The "you" Kerry was talking to was a bunch of students - the event was held at Pasadena City College. The context of the event was education: Kerry was stumping for Phil Angelides, and Angelides' focus at this event was "his planned education reforms, including a repeal of college tuition increases enacted under Schwarzenegger and an expansion of financial aid programs."

    So the subject was education, the audience were college students, and Kerry's message was clear - study hard or you'll wind up like those poor undereducated losers in the military; thus perpetuating the liberal myth about our servicepeople being undereducated and from poor working class backgrounds - that is your "context".

    Other Democrats, by the way, are not waiting around to "withhold judgement" on Kerry's statement.

    By Blogger Garry, At 10:47 AM, November 01, 2006  

  • This comment has been removed by a blog administrator.

    By Blogger Jeff, At 12:47 AM, November 02, 2006  

  • I found this after posting my first reply. Keith Olbermann explained the context of Kerry's quote and then some. It's certainly worth watching.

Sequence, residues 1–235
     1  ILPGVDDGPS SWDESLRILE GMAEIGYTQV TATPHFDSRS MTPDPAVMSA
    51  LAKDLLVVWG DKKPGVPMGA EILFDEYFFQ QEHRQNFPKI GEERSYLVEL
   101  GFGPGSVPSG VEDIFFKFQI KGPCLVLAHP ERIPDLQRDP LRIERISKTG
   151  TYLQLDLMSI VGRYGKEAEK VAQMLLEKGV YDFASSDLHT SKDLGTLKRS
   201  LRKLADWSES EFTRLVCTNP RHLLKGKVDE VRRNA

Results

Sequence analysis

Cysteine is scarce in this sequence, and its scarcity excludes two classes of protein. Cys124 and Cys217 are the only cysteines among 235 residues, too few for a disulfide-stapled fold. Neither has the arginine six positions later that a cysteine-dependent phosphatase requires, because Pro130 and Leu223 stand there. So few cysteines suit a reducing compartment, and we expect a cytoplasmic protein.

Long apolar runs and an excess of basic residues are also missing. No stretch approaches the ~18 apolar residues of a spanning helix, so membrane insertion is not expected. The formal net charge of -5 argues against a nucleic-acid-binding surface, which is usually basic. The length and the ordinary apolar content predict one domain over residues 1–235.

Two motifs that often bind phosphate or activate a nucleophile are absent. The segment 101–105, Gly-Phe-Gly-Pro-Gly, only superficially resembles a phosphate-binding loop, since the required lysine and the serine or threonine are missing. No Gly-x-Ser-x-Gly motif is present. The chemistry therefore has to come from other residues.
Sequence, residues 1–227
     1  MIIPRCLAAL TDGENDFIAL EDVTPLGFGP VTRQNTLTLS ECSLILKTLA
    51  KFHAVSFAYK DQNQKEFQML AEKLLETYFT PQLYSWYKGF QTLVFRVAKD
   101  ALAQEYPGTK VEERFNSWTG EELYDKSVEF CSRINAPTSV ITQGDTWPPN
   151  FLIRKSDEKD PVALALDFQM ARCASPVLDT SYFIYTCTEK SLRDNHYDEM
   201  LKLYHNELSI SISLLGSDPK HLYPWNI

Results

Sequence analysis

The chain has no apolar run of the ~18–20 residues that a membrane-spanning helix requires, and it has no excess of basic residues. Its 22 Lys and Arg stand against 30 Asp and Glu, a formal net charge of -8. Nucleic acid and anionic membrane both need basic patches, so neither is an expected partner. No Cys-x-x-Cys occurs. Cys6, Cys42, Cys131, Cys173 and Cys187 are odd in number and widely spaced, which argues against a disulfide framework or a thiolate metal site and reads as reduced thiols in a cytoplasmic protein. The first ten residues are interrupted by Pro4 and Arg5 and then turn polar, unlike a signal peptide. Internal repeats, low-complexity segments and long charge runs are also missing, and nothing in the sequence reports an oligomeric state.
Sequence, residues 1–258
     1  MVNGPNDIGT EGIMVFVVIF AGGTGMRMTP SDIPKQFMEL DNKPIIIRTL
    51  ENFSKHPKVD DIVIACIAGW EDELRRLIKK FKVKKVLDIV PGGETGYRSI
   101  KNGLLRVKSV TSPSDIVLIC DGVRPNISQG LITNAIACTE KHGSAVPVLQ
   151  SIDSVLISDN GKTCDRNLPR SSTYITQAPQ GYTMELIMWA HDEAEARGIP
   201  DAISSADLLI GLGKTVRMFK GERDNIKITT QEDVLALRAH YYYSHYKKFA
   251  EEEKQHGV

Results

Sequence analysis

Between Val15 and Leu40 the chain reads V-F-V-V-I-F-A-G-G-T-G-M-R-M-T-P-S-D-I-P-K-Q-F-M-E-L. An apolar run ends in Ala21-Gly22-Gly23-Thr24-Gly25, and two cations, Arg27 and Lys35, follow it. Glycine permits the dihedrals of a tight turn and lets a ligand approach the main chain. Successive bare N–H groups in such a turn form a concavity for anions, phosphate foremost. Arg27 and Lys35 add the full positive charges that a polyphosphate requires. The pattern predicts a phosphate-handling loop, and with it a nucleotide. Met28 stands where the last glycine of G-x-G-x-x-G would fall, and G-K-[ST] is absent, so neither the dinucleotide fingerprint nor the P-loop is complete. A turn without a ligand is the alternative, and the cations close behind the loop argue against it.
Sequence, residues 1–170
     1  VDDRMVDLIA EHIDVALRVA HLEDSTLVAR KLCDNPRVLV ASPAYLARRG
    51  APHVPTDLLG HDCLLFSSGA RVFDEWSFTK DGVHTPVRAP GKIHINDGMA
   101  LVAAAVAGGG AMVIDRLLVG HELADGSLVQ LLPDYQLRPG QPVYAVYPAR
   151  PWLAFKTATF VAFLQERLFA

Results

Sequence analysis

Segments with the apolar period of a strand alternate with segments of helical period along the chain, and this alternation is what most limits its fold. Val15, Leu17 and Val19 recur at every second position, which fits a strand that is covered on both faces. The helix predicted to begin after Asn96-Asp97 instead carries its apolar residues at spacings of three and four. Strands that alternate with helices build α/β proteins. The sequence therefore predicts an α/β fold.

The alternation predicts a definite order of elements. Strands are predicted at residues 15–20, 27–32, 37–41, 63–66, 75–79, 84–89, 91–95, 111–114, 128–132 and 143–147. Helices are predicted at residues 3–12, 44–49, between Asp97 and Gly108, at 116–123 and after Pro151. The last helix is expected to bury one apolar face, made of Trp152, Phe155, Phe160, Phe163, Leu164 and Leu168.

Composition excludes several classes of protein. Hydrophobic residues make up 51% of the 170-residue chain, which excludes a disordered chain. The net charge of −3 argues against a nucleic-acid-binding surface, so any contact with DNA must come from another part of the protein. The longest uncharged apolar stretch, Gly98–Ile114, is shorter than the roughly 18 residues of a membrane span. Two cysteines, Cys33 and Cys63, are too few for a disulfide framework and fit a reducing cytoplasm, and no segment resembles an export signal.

Special Comment

    By Blogger Jeff, At 1:13 AM, November 02, 2006  

  • Try this link instead.

    By Blogger Jeff, At 1:15 AM, November 02, 2006  

  • Ah, Olbermann - the genius who promised us a Rove indictment was just around the corner, and who is probably still the only pundit left in the country who never figured out that Joe Wilson is a liar.

    Maybe - maybe - Kerry was trying to make a joke about Bush, although that argument doesn't make a hell of a lot of sense - surely he's not making the argument that Bush is lacking in education, with degrees from Harvard and Yale? Still, if Kerry hadn't made slanders in the past against our military, I might buy the argument that the joke was about Bush. But such is not the case...forget Olbermann's idiotic rantings, and try to understand the liberal elitist view of the volunteer military, as perfectly exemplified by Kerry himself back when he was first running for Congress: